While pursuing his career-long interest in the Mongol kingdoms and Genghis Khan (1162–1229), Jack Weatherford stumbled across a potential bridge from Khan to his native South Carolina. Given Weatherford’s expertise in anthropology and dedication to his topic, the idea of an even tangential personal or idealized connection to Khan was something he couldn’t let rest. Intriguingly, that connection comes through an approach to religious freedom purportedly shared by the world’s most accomplished conqueror of the 13th century and the 18th century’s founders of the world’s most powerful nation.
Weatherford is an admirable Indiana Jones-like figure—a scholar-turned-quest-seeker who splits his time between quaint Charleston and the hinterlands of Mongolia. Following the publication of his 2004 bestseller, Genghis Khan and the Making of the Modern World—a volume that upends various impugning assessments of Khan—Weatherford returned to his subject to pull at the thread of religious freedom. The result is Genghis Khan and the Quest for God: How the World’s Greatest Conqueror Gave Us Religious Freedom.
Pluralism as a Path to Peace
Weatherford begins by telling the story of his discoveries and admitting he’s putting forward his theory “tentatively” (xxiii). The potential connection involves a short statement by British historian Edward Gibbon in 1787. Gibbon perceived a link between Khan’s views of religious laws and John Locke’s work on documents formative for the governance of the Carolinas (xvii). While Weatherford couldn’t substantiate this claim, it spurred him to ask whether George Washington, Benjamin Franklin, or Thomas Jefferson knew of Khan’s thinking, since “the most popular book in the American colonies in the 18th century” was a 1710 biography of Khan written by a French scholar. As it turns out, Washington owned the book, Franklin popularized it, and Jefferson gave it out as a gift. Thus Weatherford attempts to show similarity in spirit and letter between Khan’s work on religious freedom and Jefferson’s Virginia Statute for Religious Freedom in 1777 (xx–xxi).
Weatherford uses the fascinating primary source The Secret History of the Mongols, written and encoded two years after Khan’s death, lost until the 19th century, and only decoded in the 20th (9–10). Weatherford’s carefulness to prioritize the value of the Secret History helps the reader to trust the sincerity of his claims and conclusions.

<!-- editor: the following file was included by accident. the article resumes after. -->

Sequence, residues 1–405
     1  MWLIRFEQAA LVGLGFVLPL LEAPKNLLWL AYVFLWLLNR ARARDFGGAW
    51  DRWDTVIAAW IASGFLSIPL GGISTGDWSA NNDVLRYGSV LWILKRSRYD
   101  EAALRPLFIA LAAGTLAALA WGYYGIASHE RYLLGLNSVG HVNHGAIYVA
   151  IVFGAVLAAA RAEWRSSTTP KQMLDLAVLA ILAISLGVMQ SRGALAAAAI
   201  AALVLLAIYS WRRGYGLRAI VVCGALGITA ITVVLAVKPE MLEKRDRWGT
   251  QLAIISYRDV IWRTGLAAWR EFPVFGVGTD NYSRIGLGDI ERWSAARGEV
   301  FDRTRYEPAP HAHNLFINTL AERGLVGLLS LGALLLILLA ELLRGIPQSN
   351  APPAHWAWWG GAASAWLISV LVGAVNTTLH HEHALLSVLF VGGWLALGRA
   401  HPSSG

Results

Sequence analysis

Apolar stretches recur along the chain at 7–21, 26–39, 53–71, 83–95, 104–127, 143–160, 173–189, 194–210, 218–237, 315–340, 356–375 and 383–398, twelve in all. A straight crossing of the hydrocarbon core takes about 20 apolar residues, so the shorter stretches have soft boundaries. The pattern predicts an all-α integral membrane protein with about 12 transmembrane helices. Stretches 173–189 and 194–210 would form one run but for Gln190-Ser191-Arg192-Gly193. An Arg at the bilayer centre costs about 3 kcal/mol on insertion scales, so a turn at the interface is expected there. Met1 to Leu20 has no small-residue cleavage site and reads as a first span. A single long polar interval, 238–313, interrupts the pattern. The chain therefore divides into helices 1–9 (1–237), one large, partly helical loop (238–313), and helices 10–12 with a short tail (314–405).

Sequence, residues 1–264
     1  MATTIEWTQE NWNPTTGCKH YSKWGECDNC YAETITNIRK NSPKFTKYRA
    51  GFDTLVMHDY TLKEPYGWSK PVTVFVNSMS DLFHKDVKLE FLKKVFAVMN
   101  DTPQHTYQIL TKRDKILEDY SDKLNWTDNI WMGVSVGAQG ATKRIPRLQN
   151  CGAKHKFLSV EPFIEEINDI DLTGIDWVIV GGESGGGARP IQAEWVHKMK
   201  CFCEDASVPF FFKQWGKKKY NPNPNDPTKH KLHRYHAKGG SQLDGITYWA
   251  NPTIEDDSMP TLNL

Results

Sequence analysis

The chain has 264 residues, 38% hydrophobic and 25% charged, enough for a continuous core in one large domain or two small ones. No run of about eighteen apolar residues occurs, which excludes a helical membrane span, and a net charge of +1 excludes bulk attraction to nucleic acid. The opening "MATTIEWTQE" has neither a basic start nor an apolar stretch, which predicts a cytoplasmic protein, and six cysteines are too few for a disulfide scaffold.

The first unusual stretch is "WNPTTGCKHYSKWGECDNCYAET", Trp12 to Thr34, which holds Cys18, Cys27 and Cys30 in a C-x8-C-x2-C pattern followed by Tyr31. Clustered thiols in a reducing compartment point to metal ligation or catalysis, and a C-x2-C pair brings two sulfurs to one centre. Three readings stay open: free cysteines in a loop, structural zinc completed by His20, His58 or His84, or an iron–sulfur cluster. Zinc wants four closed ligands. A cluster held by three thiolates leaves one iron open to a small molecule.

Genghis Khan and the Quest for God tells the story of Khan’s life from childhood forward, shedding light on his views toward the religions of those he conquered. Even though the conquests aren’t the focus of the work, the clearly annihilative and barbaric aspects of Khan’s expanding kingdom are downplayed and not suitably reconciled with Weatherford’s picture of a noble statesman. In the end, Weatherford’s portrait of Khan grows with admiration as Khan concludes that no one religion “guaranteed exclusive access to the right way” (267). Rather, Khan contends the best approach is to learn from them all and to embrace a principle of universalism. In this sense, the value of Khan’s approach for Weatherford appears to be not so much the virtues of religious freedom in a society—where the state doesn’t seek to rule over the soul and conscience—but rather the advocacy of a more relativized pluralism as the way to peace.
Connecting Khan to the Present
Weatherford divides Genghis Khan and the Quest for God into five parts, a chronological format that allows him to tell Khan’s captivating life story. By the end of Khan’s life he had conquered “more lands and peoples than all the emperors in the entire history of the Roman empire,” and he did it with just 100,000 men (2–3). Interestingly, he had one Christian wife and “favored Christian spouses for his children and deliberately chose them because he thought they would make good parents for his grandchildren” (103).
In the concluding chapters, Weatherford returns to his aim to connect Khan to the present. He attempts to show that Dante might’ve had Khan in mind as his foil for a future world king, and that Chaucer saw Khan as someone who was “just to everyone” (327). Voltaire, in an essay on religious toleration, cites the Mongols as an example of a society that practiced religious freedom, and Weatherford tries again to stretch this to John Locke and so connect Khan to South Carolina by proxy.
When it comes to Weatherford’s stronger Jefferson connection via the French biography, he concedes that John Adams “remained critical of the excessive praise heaped on Genghis Khan” and told Jefferson that conquest is always bad and that Khan “destroyed millions of lives” (391). Jefferson still could’ve been influenced by Khan’s story, but Weatherford fails to prove that the French biography Jefferson read gave birth to the American understanding of religious freedom.
Genghis as Godlike?
While Genghis Khan never sought divine or even godlike status during his reign, Weatherford notes that after Khan’s death his followers exalted and sought to emulate him. Regrettably, this hero worship is something Weatherford himself appears to repeat. The concluding paragraphs of the book recount how many still believe that Khan had divine power and will one day return as a god—a notion Weatherford himself indicates is his own hope (356).
Therefore, despite the compelling biography, the quest to make Genghis Khan the giver of religious freedom is a stretch too far—even a bit too strange.